Breathing Spaces

Todd Henderson, founding Director and Principal Architect of  Cumulus Studio . Image: Anjie Blair for Cumulus Studio 2019.

Todd Henderson, founding Director and Principal Architect of Cumulus Studio. Image: Anjie Blair for Cumulus Studio 2019.

By Fiona Stocker.

One of the things architect Todd Henderson loves about Launceston is that it does seasons so well. Even in winter when the sun is low, it’s a ‘person-scaled city’, he says. ‘The buildings aren’t too tall, and when you walk in between them you can still find the sun on the street.’

Todd is a founding Director and Principal Architect of Cumulus Studio, which has offices in Launceston, Hobart and Melbourne. He and co-director Peter Walker have, between them, created some of Tasmania’s most newly iconic tourism projects – names like Pumphouse Point and the eye-catching Devil’s Corner Vineyard viewing tower – two transport containers stacked vertiginously on end and clad in timber.

Thea Cumulus Studio team bringing client concepts to life. Image: Anjie Blair for Cumulus Studio 2019.

Thea Cumulus Studio team bringing client concepts to life. Image: Anjie Blair for Cumulus Studio 2019.

Closer to home, Cumulus Studio has just transformed the upper levels of Ritchie’s Mill into the luxurious guest rooms now known as Stillwater Seven. Think timbered, dark, richly carpeted spaces suffused with what our Danish friends call ‘hygge’. The project, says Todd, made them think again about what a tourism offering is, and what people want when they’re spending time away from home. It’s not necessarily a huge picture window onto the views. In the heritage-listed mill, which is low on glass but redolent with atmosphere, it can be whisper-quiet hallways which draw guests back to sumptuous rooms and a feeling of being cocooned.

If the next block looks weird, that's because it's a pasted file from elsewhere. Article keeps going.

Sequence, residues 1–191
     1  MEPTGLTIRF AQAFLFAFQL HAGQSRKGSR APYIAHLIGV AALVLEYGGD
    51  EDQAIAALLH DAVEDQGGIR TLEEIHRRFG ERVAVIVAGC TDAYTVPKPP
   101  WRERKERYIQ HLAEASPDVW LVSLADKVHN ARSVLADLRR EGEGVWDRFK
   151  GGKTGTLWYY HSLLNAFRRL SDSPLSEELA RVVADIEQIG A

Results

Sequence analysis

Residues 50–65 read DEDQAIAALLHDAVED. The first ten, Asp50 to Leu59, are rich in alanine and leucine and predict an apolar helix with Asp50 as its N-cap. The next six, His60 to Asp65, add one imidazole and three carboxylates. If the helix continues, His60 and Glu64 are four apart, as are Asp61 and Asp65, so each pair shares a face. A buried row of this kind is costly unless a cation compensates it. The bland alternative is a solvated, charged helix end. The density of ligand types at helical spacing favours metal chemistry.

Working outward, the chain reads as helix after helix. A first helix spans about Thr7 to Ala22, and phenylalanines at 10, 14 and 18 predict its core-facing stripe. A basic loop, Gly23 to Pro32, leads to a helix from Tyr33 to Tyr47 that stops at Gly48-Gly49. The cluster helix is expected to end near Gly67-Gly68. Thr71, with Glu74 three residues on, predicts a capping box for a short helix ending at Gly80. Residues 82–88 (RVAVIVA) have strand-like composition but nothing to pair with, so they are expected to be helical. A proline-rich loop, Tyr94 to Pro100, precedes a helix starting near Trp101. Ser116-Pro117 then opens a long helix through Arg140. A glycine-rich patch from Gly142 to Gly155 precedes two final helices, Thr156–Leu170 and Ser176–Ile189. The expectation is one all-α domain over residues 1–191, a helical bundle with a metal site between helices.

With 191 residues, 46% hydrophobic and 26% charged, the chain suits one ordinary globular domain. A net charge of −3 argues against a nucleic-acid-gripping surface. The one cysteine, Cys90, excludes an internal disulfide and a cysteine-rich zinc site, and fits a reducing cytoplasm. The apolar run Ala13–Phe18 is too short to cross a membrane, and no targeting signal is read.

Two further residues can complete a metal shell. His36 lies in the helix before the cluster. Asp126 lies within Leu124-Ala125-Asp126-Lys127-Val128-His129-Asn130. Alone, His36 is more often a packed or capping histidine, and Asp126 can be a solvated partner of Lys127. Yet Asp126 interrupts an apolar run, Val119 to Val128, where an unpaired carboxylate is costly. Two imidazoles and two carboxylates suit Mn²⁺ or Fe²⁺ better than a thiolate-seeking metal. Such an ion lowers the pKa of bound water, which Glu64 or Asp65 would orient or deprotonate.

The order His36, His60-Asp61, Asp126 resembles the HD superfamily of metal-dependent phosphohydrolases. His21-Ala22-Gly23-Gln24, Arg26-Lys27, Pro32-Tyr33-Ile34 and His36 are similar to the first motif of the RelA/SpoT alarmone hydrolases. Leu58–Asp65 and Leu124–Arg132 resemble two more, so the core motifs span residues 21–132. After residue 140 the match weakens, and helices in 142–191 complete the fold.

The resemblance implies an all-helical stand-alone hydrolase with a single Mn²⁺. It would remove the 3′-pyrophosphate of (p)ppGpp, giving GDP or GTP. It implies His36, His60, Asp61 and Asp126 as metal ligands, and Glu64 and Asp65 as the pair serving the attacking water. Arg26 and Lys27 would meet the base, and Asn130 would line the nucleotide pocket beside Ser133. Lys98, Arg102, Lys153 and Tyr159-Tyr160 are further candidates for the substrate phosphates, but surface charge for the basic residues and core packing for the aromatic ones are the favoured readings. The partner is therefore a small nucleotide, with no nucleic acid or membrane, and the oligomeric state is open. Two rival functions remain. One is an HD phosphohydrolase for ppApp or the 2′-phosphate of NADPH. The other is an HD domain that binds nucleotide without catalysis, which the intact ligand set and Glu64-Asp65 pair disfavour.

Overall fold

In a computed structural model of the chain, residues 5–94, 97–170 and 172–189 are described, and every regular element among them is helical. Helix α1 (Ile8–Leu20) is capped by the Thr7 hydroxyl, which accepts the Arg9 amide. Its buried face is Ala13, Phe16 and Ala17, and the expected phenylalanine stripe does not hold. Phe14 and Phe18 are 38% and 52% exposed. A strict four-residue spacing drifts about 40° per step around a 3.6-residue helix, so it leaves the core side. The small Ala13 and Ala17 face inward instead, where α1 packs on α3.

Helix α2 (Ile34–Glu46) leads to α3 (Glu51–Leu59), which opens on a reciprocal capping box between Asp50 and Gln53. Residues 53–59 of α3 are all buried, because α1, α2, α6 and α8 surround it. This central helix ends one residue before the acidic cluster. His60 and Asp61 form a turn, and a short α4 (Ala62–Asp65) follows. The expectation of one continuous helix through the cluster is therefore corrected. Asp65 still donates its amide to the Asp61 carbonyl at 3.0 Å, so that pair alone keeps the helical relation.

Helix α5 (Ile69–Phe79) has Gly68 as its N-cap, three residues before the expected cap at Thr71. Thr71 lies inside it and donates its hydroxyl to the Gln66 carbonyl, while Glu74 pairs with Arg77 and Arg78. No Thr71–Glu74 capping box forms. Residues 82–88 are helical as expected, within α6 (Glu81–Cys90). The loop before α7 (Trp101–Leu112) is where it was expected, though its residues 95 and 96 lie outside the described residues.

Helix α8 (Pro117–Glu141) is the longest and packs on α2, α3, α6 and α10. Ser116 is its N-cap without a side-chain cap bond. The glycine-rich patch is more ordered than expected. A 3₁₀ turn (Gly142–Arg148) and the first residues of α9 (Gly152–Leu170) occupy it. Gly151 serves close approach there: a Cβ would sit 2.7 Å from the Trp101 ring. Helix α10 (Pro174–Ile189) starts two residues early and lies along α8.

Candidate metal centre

Architecture at Cumulus Studio is aspirational. The team spends a lot of time with clients finding out how they would really like to live and enshrining that in design which often reframes traditional thinking. The house in Queechy on a ‘super-windy site’ is a case in point, as a sensitive response to the landscape, and the client’s love of the rural aspect. One long hallway and a series of rooms wrap around an internal courtyard. Every room opens onto the central space which in summer is an extra living area, and in winter provides a light-giving, sheltered haven.

The design response is not something set in stone at the start of a project for the firm, but comes from analysis of the site and a long briefing process with the client. Architecture is not what you see in glossy magazines, says Todd, it’s more about how people live in their spaces, and the careful, artful combining of function with form.

 ‘We’re a design focused firm,’ he says. ‘We see that as the value in architecture. Anyone can draw a building, but what matters is how people experience it, both inside and out.’

Cumulus Studio creates outstanding spaces for living and working from their offices in Central Launceston.  Find their details and other Launceston based architects at cityprom.com.au

Steve Henty